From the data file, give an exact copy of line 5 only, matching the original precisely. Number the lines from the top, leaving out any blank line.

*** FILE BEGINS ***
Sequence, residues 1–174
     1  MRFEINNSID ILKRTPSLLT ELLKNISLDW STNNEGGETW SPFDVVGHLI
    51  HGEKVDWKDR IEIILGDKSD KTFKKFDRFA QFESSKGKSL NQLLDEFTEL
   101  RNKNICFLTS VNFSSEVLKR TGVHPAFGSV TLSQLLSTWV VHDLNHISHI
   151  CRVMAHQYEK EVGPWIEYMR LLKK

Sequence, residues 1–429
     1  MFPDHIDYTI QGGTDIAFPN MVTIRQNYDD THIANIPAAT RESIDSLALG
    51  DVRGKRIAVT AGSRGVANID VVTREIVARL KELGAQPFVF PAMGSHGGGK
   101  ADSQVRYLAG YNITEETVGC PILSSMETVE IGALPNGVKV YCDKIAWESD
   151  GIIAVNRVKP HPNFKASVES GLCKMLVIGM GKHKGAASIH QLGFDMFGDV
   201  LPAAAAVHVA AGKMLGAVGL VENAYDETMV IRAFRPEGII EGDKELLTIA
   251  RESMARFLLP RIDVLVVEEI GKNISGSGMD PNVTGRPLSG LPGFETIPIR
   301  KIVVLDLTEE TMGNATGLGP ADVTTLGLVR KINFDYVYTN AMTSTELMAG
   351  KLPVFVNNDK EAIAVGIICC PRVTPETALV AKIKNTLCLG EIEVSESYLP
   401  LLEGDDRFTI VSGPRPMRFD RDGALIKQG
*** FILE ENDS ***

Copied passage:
   151  CRVMAHQYEK EVGPWIEYMR LLKK